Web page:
Spiritual practice is about being, or becoming, a different person; having a different experience of our own being. It has scarcely anything to do with what we have in terms of job, family, and so forth. This does not mean that we should reject our family in order to be spiritual, or that we should stop working and live in the jungle in order to be spiritual. Even the happiness that we may feel in the jungle will turn into unhappiness when the mosquitoes and the snakes start biting! Real happiness has to come from within, from having a greater understanding of ourselves. As our inner struggles and conflicts gradually lessen and we become more integrated, we gain a sense of peace. We will not stop having problems in life, because many problems come from the external world. However, the inner sense of integration enables us to deal with whatever arises in our life. This is the kind of thing we have to work with on the path of preparation.What kind of conviction is he talking about here? Well, that we actually can become a different person, that the meditative principles really do work - no matter what. And I think the point that he makes - that we will not stop having problems in life - is an important one. Our problems don't magically disappear but, through our spiritual practice, we develop the skills to work with them effectively.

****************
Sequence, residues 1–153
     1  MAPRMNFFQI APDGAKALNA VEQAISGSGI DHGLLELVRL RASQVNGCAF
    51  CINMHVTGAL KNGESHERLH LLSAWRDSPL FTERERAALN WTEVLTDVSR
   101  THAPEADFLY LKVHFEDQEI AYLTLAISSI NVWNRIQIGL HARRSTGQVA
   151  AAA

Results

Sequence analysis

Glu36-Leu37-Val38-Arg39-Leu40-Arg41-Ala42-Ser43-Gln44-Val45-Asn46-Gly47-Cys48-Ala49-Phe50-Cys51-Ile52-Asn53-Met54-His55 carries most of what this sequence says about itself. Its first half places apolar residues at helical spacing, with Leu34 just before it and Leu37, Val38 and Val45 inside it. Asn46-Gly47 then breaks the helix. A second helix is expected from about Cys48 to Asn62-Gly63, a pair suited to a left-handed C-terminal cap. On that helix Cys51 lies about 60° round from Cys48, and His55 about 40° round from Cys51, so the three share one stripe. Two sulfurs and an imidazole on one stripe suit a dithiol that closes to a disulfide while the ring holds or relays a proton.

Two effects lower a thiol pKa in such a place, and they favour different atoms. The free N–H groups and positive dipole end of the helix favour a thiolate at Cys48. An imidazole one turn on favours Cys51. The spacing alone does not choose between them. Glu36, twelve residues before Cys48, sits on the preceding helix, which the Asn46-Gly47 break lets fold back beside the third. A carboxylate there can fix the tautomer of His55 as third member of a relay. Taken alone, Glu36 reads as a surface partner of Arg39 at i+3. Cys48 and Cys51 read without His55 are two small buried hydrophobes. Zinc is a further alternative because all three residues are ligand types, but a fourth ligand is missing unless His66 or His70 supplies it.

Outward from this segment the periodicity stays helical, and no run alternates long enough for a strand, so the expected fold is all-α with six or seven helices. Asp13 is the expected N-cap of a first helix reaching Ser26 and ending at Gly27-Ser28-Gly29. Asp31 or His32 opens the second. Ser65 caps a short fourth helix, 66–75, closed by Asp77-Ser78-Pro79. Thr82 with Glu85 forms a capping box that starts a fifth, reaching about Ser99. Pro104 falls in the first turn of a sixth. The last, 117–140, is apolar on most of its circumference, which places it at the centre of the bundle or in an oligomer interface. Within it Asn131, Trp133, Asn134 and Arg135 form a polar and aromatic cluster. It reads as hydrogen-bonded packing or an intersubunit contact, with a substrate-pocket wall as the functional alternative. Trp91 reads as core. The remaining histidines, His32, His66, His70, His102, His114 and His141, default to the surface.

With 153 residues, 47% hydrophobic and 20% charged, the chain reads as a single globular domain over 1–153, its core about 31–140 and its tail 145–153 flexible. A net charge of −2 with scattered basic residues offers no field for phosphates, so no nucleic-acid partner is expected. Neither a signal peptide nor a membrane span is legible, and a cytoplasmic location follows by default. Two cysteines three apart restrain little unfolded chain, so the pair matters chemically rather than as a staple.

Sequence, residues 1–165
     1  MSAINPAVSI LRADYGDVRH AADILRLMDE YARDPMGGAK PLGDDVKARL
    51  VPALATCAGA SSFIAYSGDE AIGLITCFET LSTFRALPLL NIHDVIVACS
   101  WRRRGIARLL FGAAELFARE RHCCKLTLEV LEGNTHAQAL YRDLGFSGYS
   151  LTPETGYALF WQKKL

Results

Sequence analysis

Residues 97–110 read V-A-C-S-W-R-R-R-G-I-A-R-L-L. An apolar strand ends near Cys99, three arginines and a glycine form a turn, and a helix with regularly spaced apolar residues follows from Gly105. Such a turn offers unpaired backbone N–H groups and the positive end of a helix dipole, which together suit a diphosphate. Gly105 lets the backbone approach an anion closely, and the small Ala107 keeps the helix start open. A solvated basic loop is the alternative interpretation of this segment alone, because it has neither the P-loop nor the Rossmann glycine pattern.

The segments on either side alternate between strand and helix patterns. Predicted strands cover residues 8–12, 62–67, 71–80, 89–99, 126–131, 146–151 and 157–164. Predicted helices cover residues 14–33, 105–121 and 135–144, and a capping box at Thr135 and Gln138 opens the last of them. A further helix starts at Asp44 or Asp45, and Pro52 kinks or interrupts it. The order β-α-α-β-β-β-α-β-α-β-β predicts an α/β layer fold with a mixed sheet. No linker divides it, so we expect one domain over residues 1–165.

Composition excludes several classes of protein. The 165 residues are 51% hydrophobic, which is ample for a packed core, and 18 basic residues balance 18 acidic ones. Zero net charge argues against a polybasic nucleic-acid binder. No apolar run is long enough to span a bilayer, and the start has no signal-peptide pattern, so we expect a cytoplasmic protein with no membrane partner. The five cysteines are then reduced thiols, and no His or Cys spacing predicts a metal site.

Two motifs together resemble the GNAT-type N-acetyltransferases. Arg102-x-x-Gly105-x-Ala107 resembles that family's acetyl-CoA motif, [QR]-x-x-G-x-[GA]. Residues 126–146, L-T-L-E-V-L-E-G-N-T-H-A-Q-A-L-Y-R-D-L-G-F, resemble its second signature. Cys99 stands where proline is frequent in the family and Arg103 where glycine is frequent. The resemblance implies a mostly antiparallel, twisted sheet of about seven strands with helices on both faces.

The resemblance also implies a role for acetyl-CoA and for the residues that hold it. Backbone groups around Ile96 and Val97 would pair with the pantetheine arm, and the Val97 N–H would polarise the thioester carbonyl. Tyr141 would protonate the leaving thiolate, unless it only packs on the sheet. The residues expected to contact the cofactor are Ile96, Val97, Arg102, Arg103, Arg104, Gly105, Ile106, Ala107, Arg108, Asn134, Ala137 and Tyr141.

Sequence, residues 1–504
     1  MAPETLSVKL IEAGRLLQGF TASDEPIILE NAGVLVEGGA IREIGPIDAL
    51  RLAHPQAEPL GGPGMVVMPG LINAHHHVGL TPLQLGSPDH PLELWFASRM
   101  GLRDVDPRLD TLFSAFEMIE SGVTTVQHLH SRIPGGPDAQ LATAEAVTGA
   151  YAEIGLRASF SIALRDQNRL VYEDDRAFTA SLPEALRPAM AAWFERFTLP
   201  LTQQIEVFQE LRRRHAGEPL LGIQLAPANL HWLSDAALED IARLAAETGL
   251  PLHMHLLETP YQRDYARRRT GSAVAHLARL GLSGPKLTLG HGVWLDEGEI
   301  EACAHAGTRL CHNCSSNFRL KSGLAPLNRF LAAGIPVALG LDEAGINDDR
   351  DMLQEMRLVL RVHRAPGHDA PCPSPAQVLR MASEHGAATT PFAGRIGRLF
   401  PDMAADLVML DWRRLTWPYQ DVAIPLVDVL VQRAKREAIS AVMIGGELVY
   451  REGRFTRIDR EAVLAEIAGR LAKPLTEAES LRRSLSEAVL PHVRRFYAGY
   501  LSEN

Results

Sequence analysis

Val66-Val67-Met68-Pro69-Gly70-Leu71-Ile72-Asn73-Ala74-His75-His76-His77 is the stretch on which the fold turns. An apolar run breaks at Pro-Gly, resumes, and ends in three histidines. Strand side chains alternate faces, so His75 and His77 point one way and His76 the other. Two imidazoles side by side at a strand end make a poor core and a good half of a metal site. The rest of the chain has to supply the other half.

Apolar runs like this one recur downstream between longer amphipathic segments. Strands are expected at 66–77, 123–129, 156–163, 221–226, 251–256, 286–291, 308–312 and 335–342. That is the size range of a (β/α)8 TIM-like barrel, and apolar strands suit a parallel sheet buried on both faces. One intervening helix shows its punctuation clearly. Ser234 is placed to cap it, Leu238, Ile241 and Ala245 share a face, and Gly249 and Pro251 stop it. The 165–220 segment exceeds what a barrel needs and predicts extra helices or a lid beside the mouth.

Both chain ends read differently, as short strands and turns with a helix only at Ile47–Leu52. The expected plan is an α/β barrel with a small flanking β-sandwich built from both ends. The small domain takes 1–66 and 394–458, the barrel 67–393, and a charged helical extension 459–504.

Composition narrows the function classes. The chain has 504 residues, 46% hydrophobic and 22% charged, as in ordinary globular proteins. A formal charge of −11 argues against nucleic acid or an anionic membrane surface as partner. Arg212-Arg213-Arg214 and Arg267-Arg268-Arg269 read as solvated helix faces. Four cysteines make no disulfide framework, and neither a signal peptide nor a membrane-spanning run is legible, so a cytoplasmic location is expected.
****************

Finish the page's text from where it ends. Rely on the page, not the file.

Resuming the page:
We begin to realize where the real source of happiness lies, and this makes us keen to pursue the path. If we are not convinced, if we are not looking forward to our destination, the journey cannot take place.
Tuesday, August 15, 2006
Still more on happiness
A very wonderful book that we use at the Center in the Saturday morning Karma Kagyu class is The Essence of Buddhism by Traleg Kyabgon. Here's a powerful passage on happiness and spiritual practice: